Equal pay law covers pay and any other contractual term of employment. Employers are required to give men and women equal treatment concerning the terms and conditions of their contract of employment.
If this is not the case, then an employee (irrespective of whether they are a man or a woman) can bring a claim against their employer.
Examples of matters covered by equal pay law include but are not limited to:
- Basic pay;
- Performance related benefits;
- Hours of work;
- Annual leave entitlements;
- Sick pay;
- Non-discretionary bonuses.
Is the employee eligible to bring a claim?
An employee is eligible to bring a claim if they are employed under either:
- A contract of service;
- A contract of apprenticeship; or
- A contract personally to do work.
This includes employees (under full-time, part-time, casual or temporary contracts), workers and some self-employed people whose contracts require personal performance.
What must the employee prove?
- That they are employed at an establishment in Great Britain;
- That their comparator is someone working for the same employer;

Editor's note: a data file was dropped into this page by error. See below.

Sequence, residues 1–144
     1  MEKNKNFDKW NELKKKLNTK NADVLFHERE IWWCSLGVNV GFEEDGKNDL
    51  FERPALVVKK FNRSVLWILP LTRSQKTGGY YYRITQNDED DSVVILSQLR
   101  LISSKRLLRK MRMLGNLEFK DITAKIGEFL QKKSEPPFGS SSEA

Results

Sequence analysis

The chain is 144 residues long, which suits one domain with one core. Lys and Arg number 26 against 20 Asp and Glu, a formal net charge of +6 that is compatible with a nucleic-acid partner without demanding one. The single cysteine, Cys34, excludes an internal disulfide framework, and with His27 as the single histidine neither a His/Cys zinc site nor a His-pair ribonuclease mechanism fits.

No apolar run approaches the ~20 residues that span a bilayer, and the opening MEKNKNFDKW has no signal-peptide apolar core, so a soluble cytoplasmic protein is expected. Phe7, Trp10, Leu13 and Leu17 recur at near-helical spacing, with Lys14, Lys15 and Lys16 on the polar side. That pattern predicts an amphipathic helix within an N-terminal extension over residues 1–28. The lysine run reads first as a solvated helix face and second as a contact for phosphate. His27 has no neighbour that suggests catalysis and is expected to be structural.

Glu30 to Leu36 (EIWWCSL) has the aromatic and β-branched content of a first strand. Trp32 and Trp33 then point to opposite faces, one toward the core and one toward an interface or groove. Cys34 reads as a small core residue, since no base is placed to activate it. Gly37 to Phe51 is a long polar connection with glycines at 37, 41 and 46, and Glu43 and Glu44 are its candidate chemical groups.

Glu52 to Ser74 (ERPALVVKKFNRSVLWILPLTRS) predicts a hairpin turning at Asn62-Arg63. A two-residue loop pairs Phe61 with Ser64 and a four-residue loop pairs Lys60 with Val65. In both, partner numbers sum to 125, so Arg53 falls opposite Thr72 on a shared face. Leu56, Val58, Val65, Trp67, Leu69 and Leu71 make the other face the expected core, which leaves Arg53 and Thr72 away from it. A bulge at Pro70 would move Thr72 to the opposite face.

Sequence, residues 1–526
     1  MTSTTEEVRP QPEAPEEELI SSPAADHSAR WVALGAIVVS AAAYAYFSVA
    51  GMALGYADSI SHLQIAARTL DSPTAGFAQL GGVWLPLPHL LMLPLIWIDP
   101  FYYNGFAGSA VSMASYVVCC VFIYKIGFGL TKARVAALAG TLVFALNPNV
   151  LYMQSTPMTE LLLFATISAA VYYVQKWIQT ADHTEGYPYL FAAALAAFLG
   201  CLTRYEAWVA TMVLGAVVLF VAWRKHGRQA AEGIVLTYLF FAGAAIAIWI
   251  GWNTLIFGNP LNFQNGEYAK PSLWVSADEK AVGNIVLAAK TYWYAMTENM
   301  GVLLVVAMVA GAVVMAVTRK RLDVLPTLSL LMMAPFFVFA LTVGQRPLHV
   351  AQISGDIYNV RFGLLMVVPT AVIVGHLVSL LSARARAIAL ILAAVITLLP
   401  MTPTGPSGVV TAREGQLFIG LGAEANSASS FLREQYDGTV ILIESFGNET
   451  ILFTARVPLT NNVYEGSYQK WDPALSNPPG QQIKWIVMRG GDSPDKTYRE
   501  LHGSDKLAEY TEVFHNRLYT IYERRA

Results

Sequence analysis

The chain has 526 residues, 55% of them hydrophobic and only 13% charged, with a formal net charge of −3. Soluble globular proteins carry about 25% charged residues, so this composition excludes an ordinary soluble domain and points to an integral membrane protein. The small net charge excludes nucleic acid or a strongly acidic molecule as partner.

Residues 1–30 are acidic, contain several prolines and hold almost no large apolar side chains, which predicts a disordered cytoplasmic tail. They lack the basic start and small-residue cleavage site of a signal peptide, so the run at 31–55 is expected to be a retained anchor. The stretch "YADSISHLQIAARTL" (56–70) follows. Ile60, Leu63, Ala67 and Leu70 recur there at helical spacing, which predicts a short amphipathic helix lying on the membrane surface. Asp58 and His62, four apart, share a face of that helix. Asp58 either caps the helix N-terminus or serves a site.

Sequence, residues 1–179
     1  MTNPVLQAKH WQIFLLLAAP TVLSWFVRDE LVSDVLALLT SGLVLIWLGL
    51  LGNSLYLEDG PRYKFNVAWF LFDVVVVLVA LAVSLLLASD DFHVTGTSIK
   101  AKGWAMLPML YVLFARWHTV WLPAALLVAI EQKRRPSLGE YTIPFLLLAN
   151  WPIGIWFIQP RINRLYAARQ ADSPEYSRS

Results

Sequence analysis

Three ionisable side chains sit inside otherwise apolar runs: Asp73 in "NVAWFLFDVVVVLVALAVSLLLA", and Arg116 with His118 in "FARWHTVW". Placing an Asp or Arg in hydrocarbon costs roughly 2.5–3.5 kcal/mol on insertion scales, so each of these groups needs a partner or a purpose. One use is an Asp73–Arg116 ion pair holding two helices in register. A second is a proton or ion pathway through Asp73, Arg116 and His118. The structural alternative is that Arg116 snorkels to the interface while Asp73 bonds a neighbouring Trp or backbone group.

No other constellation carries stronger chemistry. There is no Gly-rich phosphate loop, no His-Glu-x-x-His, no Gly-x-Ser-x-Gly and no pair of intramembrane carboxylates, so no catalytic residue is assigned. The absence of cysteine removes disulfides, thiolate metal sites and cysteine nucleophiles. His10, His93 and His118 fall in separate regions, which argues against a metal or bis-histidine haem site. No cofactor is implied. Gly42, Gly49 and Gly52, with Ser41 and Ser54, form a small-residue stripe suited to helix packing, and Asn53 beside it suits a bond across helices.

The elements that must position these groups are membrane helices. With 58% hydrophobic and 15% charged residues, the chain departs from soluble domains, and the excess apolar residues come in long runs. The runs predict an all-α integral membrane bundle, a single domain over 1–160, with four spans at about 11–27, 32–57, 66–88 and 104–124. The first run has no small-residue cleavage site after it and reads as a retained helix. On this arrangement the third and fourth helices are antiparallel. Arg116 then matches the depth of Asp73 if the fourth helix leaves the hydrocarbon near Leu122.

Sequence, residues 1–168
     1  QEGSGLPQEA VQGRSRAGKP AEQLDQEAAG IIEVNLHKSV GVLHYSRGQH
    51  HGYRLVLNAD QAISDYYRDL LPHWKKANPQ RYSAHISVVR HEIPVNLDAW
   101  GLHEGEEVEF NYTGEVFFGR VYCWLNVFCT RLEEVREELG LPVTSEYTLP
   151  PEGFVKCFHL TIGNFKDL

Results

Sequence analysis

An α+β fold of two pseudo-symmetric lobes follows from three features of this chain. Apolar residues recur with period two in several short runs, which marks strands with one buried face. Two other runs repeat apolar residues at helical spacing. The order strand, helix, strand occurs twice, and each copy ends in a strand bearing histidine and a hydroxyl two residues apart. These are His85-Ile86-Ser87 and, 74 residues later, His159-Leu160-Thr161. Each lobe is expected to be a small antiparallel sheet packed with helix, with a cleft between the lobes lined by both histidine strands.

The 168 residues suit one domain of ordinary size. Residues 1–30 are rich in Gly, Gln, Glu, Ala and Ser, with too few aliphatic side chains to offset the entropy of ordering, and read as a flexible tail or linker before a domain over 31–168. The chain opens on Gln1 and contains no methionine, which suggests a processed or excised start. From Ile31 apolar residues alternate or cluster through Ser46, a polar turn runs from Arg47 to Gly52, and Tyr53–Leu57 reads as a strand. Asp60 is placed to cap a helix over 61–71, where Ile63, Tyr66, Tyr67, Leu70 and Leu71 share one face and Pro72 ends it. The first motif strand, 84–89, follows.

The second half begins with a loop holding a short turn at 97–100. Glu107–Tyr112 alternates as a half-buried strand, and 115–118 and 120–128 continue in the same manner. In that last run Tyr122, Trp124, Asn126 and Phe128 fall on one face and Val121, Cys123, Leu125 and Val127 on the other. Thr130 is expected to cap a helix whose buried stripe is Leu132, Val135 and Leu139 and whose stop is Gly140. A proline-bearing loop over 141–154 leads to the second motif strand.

- That they are doing work that is the same or broadly similar or work rated as equivalent or work of equal value in terms of effort, skill or decision making compared to that of their comparator;
- That their comparator has a term in their contract that is more favourable than the equivalent term.
What is a comparator?
A comparator is someone who:
- Works for the same employer;
- Doing like work of equal value to the employee; and
- Is of the opposite sex.
How can an employer defend an equal pay claim?
An employer may defend an equal pay claim if they are able to prove that the reason for the difference is for a genuine reason and that it is not based upon the difference of sex.
Why choose Tozers?
We work with you to understand your needs and desired goals in a cost-effective manner.
We deliver results.
Our team has a wealth of knowledge in employment law and regularly speak at seminars and conferences as well as conducting training on topical issues.